This article is part of our The Spread Offensive series.
Some games mean more than others. It's the truth. Coaches and managers alike will attempt to dissuade the casual fan of this notion. "The most important game is the next one," some coaches say. We all know that is just not the case. Rivalry games mean more than the average game. When Miami plays Florida State, when the New York Yankees play the Boston Red Sox, when Notre Dame clashes with USC. There's more than just a win or a loss on the line. It's about bragging rights. The term "Wide Right" lives in lore for Miami and Florida State fans alike. The names Bucky Dent and Aaron Boone are considered curse words in Boston. How about the "Bush Push" in the USC-Notre Dame rivalry? There's nothing better than getting the upper hand on your sworn enemy, and holding it over their head for a day, a month, a year, a lifetime. In college football, it's also about recruiting. Getting prospective high school players to see the fire, the passion, the pageantry, the history. There are so many factors that can sway a high school football player to come to your school, but having him stand on the sideline during a rivalry game in your home stadium and watching you beat your most bitter rival certainly can't hurt.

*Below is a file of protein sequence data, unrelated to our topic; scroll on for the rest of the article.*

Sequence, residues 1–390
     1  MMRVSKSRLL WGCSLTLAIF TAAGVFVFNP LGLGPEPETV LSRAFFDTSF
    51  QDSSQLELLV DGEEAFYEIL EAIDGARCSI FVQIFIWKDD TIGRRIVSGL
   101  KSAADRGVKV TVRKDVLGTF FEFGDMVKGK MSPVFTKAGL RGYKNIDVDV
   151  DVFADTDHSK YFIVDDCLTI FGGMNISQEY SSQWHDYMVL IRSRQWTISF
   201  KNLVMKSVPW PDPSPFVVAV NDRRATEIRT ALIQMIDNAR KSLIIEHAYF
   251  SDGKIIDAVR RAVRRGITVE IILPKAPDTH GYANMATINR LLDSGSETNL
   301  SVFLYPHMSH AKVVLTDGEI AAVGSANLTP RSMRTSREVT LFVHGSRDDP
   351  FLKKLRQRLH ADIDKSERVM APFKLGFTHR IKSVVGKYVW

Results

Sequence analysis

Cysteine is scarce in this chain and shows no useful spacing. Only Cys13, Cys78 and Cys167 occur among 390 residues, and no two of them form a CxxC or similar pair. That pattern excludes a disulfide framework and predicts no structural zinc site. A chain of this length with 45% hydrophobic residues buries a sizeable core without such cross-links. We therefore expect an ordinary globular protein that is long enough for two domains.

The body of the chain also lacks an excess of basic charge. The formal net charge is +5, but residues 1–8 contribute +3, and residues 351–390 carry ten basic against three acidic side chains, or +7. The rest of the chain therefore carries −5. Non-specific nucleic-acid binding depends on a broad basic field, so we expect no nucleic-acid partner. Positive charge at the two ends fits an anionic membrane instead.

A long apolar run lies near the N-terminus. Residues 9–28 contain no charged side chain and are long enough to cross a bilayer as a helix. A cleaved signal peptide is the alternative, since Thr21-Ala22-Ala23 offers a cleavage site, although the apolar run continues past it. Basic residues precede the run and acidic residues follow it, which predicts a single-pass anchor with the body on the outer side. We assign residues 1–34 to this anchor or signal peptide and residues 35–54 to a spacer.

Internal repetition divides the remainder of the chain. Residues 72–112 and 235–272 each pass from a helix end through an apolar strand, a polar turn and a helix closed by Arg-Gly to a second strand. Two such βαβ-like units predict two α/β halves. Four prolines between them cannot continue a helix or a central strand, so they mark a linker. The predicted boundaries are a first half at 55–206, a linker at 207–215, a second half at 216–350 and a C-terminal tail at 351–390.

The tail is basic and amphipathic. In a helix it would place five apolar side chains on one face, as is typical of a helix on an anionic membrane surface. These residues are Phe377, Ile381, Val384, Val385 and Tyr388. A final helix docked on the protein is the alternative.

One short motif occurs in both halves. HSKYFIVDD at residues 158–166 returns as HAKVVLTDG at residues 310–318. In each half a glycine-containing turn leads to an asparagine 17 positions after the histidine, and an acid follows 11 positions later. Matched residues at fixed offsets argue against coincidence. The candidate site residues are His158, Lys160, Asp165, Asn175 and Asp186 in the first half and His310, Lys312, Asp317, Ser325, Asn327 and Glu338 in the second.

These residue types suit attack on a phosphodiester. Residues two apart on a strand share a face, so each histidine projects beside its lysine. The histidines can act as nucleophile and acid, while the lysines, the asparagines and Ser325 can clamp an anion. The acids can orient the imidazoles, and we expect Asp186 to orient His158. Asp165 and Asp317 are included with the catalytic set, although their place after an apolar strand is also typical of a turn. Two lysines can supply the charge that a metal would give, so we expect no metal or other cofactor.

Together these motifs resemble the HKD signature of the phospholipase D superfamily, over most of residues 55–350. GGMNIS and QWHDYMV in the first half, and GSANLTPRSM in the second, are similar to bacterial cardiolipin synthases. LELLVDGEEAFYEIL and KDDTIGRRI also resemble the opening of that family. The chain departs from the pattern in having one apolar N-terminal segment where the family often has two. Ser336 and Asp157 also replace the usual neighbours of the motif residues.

Even my mother was talking about the way Michigan lost Saturday's game. Unless you've been living under a rock, you know that Michigan lost the Paul Bunyan Trophy on a blocked/muffed punt returned for a touchdown with no time left on the clock. THE PUNTER HAS BEEN GETTING DEATH THREATS. Calm down, Ann Arbor.
What's a worse way to lose: the Iron Bowl Kick Six in 2013 or the Michigan Punt Fiasco of 2015? That's what immediately popped into my head following the debacle at the end of the Michigan-Michigan State game. For those uninformed, Alabama lost to Auburn in 2013 after attempting a game-winning field goal with no time left on the clock. The long field goal attempt was caught at the end line by Auburn's Chris Davis and returned 108 yards for the touchdown. Also with no time left on the clock.
Both incidents occurred in rivalry games. Both were excruciating ways to lose. Which was more improbable?
The more recent event always gets more publicity and the nod usually, but in this case, I believe the Kick Six was a more improbable, miraculous way to lose. Don't get me wrong, losing the way Michigan did this past Saturday is about as bad as it gets. We're choosing between a punch in the gut and a kick in the groin. Michigan State had a 0.2% chance of winning the game prior to the final play.
Still, Michigan had to know Michigan State would be coming on an all-out punt block. It was the only chance they had. Sure, a punt return could have also been tried, but from that position on the field, it was unlikely the return man was going to have a shot. The punt would have had to have been fair caught, or simply let go out of bounds or through the back of the end zone. No, Michigan had to know that Michigan State was coming. Hard.